4)       I highly recommend you workout with a partner. A partner can check your form, lifting speed and intensity, help you reach muscle failure more effectively (see below), and motivate you.

Now that we have that out of the way, the key to finding the right routine is understanding that exercise is just like taking medicine; you need to find the right amount that is most effective but produces the least side effects. More is not better; be prepared to dial it back and do less when necessary.

Steve: Again defining MED, very important concept.

That is why I do not recommend doing more than one set per exercise. Despite what I was taught as a personal trainer, the research has not convinced me that multiple sets are necessary. Moreover, doing more than necessary is counter-productive to your goals because it overtaxes your body’s recovery resources.

That said, the determinants for setting up your exercise routine should be your goals, exercise intensity, recovery and measurement.

Know Your Goals

If you still have healing to do but feel well enough to start lifting, or if you have trouble gaining weight, you probably should begin with an abbreviated routine to avoid impeding your body’s recovery ability. I recommend no more than 3 compound movements, 1 set each, every 5 to 7 days.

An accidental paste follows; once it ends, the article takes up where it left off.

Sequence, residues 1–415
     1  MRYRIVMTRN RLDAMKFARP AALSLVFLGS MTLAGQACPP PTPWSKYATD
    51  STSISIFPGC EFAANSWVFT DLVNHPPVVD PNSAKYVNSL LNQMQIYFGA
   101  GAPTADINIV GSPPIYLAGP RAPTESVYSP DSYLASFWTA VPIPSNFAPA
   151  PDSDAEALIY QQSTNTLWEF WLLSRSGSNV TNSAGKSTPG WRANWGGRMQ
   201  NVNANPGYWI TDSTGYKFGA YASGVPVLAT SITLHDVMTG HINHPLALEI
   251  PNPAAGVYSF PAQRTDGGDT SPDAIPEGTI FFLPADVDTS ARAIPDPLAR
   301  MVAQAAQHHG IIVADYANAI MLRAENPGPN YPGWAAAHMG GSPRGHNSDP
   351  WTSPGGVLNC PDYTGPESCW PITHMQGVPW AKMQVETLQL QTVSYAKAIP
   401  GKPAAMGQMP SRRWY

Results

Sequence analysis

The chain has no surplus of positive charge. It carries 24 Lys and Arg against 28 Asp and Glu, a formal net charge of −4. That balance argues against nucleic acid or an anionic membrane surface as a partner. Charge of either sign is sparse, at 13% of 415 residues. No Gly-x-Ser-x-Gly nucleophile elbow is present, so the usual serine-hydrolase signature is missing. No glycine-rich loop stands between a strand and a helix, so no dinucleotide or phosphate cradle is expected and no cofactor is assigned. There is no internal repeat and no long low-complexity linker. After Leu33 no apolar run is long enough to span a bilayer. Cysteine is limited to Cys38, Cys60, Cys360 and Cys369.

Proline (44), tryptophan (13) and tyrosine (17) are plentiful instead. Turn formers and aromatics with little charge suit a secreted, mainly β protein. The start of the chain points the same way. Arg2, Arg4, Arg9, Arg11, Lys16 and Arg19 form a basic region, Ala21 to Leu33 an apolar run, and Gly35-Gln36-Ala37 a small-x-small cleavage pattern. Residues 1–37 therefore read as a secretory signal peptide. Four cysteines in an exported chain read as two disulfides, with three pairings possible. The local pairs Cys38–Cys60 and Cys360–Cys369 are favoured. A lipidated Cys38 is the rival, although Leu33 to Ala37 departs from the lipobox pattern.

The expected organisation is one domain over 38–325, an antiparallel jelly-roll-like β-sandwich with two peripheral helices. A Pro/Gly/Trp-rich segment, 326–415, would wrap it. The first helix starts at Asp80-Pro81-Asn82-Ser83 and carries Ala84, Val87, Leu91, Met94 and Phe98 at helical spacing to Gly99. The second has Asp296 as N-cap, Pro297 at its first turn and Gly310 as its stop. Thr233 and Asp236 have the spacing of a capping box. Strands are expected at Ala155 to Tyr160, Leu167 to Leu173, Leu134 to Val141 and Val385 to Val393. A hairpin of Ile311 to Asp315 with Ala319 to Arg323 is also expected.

If you are strong enough to focus on muscle gain and fat loss, you can try a routine that addresses all major muscle groups with 4 to 6 mostly compound movements, 1 set each, every 3 to 5 days.

Ensure Proper Intensity

As explained previously, reaching complete muscle failure is crucial. That entails choosing a heavy enough weight, moving the weight through a full range of motion, using the right number of repetitions, and a slow cadence (i.e. speed at which you move a weight) to avoid having momentum do the work for you.

Most people are not used to actually reaching muscle failure (even if they think they do) because they stop before things get too uncomfortable, and they don’t focus enough on their workout. (Chatty Kathy, anyone?) If you don’t get to failure during your first couple of workouts, that’s ok. But keep moving toward it.

One very effective trick I found to ensure proper form, speed and intensity is to visualize and feel the muscle I am working while I move the weight. It also helps me determine whether I have really reached muscle failure or still have some gas left in the tank to use up.

Now, without going into the technical detail here, there are three levels of strength you need to exhaust to achieve muscle failure: positive (lifting), static (holding), and negative (lowering).